Far from requiring Palestinian leaders to reject rejectionism as a condition of statehood, NSS does an end run around the issue by creating a state without requiring them to make concessions on anything. The proposed state, which would be “fully sovereign … with the freedom to defend itself,” is sure to be dominated by Islamists, and its establishment likely would fuel Islamism among Palestinians in the West Bank, who would be granted absentee citizenship, residency rights where they presently reside, and little else under the NSS plan.
All of this is academic, however, because there’s no evidence that President Sisi (or any other conceivable Egyptian ruler) would be willing to donate a major chunk of Sinai — hallowed ground for which thousands of Egyptian soldiers died fighting.
New Staters say Egypt would receive “massive global investment,” “international security assistance,” and a “place at the center of regional and even global leadership.” Don’t count on it. Using Egyptian territory, in effect, to resettle Palestinian “refugees” would violate a deep-seated taboo, which is one reason Sisi’s Islamist enemies often accuse him of scheming to do just that.
Sisi’s sole legitimacy to replace the Muslim Brotherhood rule was to stop Palestinians from acquiring land in Sinai. As minister of defense under Mohammed Morsi’s rule, Sisi issued a law that forbids foreign nationals from owning land in “strategic areas of military importance.” According to the Youm el-Sabeh newspaper, this legislation reportedly was a reaction to Morsi’s opening the borders with Gaza and giving Egyptian citizenship to 50,000 Palestinians.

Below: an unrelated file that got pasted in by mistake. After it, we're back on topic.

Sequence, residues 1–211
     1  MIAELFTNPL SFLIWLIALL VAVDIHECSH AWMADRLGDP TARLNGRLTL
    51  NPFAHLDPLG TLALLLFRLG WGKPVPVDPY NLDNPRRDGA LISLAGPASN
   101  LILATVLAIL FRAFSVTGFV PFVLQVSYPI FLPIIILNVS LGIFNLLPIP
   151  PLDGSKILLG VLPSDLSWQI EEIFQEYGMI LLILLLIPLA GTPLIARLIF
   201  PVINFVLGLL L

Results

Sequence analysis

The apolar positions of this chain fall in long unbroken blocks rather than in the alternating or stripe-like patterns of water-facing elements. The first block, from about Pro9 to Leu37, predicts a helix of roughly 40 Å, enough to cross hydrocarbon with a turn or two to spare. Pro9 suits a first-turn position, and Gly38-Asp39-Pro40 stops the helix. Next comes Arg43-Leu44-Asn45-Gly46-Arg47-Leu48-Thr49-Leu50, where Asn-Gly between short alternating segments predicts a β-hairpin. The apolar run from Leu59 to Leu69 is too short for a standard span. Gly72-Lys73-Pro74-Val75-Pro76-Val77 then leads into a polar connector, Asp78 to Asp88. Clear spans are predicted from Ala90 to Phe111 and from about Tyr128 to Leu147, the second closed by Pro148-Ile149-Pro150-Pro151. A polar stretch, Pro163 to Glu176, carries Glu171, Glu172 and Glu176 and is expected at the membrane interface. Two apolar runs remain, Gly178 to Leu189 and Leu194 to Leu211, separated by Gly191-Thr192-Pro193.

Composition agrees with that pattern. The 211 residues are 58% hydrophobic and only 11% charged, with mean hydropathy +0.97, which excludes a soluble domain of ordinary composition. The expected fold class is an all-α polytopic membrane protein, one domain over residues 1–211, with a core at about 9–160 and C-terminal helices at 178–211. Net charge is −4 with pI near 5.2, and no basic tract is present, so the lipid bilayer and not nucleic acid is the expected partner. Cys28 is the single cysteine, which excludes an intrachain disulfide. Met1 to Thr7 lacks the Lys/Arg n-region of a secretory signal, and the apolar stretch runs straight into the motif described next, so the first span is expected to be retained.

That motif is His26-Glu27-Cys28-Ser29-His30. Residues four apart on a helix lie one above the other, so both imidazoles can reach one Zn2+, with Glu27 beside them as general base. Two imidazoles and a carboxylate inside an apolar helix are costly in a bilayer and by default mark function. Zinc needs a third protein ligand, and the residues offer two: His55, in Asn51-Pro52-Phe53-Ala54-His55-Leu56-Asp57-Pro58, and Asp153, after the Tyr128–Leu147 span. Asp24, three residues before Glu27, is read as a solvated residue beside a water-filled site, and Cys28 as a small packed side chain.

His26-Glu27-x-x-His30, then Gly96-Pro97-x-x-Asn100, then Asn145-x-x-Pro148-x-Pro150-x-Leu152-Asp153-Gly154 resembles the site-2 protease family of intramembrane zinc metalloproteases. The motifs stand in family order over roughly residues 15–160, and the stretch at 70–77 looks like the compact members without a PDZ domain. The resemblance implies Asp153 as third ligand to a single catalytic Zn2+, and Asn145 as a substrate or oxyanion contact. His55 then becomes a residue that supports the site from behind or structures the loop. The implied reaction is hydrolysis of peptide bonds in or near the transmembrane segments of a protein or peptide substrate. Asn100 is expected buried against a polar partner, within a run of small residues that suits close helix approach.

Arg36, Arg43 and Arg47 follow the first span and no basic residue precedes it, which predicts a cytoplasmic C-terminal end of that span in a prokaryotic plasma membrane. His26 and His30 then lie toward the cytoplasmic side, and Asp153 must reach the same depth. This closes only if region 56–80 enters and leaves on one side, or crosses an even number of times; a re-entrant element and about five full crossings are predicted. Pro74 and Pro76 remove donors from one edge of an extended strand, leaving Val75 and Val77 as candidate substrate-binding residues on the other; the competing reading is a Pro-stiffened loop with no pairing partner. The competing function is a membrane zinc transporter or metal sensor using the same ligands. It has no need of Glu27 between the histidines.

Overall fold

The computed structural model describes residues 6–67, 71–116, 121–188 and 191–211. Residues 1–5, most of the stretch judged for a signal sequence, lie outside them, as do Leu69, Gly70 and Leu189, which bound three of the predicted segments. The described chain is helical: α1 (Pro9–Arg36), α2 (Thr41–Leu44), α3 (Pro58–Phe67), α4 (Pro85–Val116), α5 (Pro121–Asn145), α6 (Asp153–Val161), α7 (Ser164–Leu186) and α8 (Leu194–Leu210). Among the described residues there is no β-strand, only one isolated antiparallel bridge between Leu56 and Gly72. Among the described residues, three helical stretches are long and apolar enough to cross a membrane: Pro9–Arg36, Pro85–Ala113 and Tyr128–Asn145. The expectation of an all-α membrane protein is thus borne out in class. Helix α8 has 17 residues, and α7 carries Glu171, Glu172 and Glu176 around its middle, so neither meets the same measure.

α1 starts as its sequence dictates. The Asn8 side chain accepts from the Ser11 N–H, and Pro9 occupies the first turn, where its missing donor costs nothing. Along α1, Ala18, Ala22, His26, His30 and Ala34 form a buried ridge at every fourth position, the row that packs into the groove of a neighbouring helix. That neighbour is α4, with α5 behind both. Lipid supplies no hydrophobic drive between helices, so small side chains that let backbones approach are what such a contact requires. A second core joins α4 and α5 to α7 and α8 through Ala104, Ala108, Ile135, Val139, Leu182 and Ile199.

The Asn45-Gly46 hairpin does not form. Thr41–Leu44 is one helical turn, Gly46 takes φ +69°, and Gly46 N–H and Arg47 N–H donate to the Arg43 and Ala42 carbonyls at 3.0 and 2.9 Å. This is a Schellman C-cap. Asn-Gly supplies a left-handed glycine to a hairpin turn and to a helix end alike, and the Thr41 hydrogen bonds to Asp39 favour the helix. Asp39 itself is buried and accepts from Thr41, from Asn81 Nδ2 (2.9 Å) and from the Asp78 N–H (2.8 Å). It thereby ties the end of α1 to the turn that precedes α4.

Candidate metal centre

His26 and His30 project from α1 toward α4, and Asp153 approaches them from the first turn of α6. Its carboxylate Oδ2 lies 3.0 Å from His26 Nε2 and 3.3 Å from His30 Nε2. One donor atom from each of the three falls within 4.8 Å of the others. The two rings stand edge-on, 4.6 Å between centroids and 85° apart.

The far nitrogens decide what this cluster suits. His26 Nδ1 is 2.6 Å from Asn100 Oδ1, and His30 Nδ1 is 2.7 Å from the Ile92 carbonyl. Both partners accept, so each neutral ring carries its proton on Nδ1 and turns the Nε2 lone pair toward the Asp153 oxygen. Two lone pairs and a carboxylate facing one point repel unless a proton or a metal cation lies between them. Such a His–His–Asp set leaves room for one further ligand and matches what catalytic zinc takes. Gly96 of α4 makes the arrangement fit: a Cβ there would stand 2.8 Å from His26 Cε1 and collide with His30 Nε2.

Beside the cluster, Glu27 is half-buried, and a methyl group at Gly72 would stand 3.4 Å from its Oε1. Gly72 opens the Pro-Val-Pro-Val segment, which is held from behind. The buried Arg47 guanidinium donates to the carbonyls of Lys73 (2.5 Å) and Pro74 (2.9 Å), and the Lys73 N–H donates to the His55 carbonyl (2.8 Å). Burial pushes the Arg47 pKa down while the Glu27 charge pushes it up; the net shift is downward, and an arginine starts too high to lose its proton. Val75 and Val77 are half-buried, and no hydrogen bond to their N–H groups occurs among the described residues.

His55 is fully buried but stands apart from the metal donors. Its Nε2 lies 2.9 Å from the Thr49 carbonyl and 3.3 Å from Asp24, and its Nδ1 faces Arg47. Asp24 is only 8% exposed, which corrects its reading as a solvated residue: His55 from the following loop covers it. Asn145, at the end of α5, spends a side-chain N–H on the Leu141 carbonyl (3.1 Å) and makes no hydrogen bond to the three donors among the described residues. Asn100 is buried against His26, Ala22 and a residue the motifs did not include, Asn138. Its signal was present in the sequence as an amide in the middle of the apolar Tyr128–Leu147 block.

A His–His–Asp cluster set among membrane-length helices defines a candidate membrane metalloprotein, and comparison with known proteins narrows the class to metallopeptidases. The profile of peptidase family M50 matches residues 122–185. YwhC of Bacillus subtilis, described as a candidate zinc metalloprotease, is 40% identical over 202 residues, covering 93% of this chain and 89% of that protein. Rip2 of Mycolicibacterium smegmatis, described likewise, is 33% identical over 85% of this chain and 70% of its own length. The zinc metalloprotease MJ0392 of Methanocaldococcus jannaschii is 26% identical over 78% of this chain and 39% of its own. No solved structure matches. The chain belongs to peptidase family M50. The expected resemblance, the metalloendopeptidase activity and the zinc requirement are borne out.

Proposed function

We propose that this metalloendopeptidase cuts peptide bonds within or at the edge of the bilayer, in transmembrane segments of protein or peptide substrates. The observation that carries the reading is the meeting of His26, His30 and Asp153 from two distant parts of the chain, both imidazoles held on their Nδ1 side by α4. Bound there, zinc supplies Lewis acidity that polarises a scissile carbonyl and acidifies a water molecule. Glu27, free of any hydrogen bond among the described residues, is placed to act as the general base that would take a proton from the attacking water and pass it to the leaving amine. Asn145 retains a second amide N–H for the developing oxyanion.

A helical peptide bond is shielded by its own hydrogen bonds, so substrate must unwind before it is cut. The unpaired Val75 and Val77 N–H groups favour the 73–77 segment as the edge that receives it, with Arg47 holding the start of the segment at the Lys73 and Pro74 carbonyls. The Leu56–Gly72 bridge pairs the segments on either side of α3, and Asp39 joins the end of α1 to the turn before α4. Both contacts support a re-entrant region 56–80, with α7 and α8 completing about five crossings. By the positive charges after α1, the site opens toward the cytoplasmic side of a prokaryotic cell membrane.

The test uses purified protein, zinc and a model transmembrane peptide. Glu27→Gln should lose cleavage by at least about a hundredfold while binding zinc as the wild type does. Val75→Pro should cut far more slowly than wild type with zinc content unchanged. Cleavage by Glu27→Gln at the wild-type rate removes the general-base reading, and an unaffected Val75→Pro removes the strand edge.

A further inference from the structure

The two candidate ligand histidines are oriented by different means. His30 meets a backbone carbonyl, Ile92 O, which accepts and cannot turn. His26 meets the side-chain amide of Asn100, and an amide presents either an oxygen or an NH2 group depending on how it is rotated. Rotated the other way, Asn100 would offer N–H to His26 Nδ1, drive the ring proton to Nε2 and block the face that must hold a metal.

Additionally, Egypt’s economy would be devastated by this plan. Drilling rights for natural gas in the North El Arish and Zohr offshore fields of the Levant basin would be handed over to the New State if Egypt were to cede territory. The loss could amount to billions of dollars in foreign currency for the Egyptian treasury. Portions of the Arab Gas Pipeline, and the entirety of the Arish-Ashkelon pipeline, significant sources of tax remittances for the Egyptian government, would be cut off from Egypt under the New State solution.
The Egyptian president surely cringes at the fact that a well-organized advocacy group thinks he’s ideal for the role.
It comes as no surprise, then, that Qatar, a longtime ally of the Muslim Brotherhood and nemesis of Sisi and which is isolated by most moderate Sunni Arab governments, gave Anthony’s organization, Our Soldiers Speak (OSS), a $100,000 donation in October 2017. After receiving the funds, OSS fell victim to the old Qatari two-step: Al-Jazeera and other Qatari-funded media outlets have taken the lead in denouncing NSS, often exaggerating its influence as a way of discrediting Sisi.
Granting more land to Hamas will not change the vision of many Palestinians to eradicate Israel; it will energize the Islamists and spur them to wage greater jihad against the Jewish state.
Cynthia Farahat, a fellow at the Middle East Forum and co-founder of the Liberal Egyptian (2003-08) political party, moved to the United States in 2011. Follow her on Twitter @cynthia_farahat.